AG: “Of course, sir. I’ll see to it.”

Critics’ Scenario

Mr. Bush: “What have you got for me on those e-mails the special prosecutor is asking for, Al?”

AG: “It looks as if we found them all, sir. He hasn’t asked for anything yet that we didn’t either shred, delete, or withhold.”

Mr. Bush: “Good job, Al. I know it took you and your staff two weeks of round-the-clock work to comb through all that stuff and destroy the incriminating material, or squirrel it away under a claim of ‘executive privilege.’”

AG: “Well, you do what you’ve gotta do. If Fitzgerald had gotten hold of those e-mails, half the administration would have been impeached, and their staff hauled up on criminal charges.”

Mr. Bush: “I’m still worried about that time in ’04 when Cheney told federal prosecutors that neither he nor any of his senior aides had any involvement in revealing Wilson’s wife’s undercover CIA status to reporters. To top that off, he claimed that no one in his office had attempted to discredit her husband for criticizing our pre-war Iraq intelligence. I’m afraid that stuff’s too easy to disprove, and will come back to bite us.”

AG: “It’s not really a problem, sir. He didn’t testify under oath or under penalty of perjury, so there are no real consequences for the lies.”

Mr. Bush: “Well, that’s one weight off of my shoulders. Have you heard anything new from Fitzgerald?”

AG: “I’m afraid so. He sent an official letter to Libby’s defense team saying, and I quote, ‘In an abundance of caution, we advise you that we have learned that not all e-mail of the Office of the Vice President and the Executive Office of the President for certain time periods in 2003 was preserved through the normal archiving process on the White House computer system.’"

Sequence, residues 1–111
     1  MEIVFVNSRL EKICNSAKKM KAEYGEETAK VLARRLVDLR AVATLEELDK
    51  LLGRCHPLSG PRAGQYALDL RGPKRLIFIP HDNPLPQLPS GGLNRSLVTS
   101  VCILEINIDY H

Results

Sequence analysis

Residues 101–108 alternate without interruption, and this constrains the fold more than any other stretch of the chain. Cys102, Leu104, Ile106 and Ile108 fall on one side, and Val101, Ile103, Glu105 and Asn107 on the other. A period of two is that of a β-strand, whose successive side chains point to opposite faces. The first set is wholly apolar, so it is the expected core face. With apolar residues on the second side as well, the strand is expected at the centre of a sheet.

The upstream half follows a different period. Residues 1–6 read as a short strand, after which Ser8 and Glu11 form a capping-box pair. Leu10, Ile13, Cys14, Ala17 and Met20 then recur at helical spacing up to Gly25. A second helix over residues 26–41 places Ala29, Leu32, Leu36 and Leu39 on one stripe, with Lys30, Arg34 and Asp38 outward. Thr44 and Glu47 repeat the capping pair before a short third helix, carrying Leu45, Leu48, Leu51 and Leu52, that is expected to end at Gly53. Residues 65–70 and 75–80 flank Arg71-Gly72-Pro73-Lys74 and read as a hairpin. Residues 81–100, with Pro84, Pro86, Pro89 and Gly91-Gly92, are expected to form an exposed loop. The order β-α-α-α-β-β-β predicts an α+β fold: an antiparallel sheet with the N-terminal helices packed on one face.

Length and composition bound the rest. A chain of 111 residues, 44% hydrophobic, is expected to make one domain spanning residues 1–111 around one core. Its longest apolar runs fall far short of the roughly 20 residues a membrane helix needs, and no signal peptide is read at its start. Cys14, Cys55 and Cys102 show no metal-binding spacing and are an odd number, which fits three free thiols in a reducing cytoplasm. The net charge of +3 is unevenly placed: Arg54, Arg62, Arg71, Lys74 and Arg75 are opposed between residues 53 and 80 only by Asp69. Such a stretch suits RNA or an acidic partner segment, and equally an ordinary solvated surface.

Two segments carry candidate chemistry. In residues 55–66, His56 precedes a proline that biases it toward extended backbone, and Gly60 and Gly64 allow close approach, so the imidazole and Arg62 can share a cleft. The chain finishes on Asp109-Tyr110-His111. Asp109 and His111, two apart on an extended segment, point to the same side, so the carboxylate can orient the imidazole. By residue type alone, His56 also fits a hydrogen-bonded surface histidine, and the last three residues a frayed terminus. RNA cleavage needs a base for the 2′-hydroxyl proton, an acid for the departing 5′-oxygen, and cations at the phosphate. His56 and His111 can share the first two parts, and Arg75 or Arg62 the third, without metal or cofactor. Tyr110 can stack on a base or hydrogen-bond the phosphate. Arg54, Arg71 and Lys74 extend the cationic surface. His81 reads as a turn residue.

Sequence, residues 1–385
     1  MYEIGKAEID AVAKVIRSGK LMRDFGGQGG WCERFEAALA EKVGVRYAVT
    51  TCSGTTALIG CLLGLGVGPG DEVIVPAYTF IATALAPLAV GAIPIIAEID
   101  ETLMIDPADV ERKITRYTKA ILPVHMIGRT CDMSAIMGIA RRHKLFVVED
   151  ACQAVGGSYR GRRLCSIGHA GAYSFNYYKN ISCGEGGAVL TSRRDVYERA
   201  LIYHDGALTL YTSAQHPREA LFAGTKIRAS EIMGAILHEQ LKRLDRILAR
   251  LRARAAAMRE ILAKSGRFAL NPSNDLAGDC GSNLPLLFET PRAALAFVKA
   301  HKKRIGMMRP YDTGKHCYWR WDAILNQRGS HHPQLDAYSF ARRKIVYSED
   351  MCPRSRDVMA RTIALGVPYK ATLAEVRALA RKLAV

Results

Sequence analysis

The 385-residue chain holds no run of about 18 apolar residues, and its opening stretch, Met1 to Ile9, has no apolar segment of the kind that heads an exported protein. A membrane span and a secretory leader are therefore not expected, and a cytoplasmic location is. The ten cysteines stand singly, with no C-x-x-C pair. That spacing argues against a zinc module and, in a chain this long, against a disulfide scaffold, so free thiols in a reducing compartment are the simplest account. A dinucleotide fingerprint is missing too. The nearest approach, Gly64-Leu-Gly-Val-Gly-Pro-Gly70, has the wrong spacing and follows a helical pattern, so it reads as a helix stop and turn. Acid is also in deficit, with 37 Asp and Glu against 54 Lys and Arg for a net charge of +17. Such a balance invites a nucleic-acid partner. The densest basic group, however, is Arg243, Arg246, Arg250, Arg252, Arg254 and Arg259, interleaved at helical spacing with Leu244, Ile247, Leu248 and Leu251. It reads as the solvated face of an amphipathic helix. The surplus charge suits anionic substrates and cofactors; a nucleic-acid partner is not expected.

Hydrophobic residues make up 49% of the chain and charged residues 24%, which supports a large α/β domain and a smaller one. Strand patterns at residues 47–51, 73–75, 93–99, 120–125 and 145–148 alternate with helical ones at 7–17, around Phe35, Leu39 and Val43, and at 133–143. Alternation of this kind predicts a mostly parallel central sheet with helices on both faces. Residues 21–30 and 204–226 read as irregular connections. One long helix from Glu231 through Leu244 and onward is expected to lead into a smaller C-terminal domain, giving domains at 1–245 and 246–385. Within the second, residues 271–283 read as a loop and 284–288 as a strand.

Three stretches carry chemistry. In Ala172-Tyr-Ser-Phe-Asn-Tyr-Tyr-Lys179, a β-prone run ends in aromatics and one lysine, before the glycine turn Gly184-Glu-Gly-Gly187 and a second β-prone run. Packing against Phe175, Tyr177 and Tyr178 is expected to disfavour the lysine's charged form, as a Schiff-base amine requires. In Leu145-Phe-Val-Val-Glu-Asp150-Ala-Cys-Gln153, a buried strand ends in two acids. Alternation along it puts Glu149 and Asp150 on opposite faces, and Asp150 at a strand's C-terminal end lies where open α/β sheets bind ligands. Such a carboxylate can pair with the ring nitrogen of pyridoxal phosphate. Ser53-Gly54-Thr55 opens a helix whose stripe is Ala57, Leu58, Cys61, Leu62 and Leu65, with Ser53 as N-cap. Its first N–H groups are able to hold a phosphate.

Mr. Bush: “Okay, so he’s on to us. He’s learned we’re withholding stuff from him. Big deal. What’s he gonna do about it?”

AG: “We’ll claim the usual—executive privilege, national security concerns, et cetera. It worked pretty well for Nixon. If it hadn’t been for those damned tapes, he’d have finished out his term in style. I’m not sure there’s anything Fitzgerald can do about it, without enormous pressure from the public and Congress. And we’re not going to get any pressure from this Congress.”

Mr. Bush: “That damned hothead Cheney! If he didn’t go off half-cocked all the time, life would be a hell of a lot easier. I spend half my time cleaning up after his messes.”

AG [Jokingly]” “Speaking of going off half-cocked….”

[Both men laugh, in spite of themselves.]

Mr. Bush: “Listen, I don’t care what Fitzgerald does or says. If it looks like he’s closing in, burn every shred of evidence, drench the whole lot with acid, bury the remains in a nuclear waste repository, and dare him to do anything about it. You didn’t hear me say that, and I want no minutes taken of this meeting. Do I make myself clear?”

AG: “Of course, sir. I’ll see to it.”

There you have it, reader—two conflicting views. Which appears more plausible to you? You decide!

© Tony Russell, 2006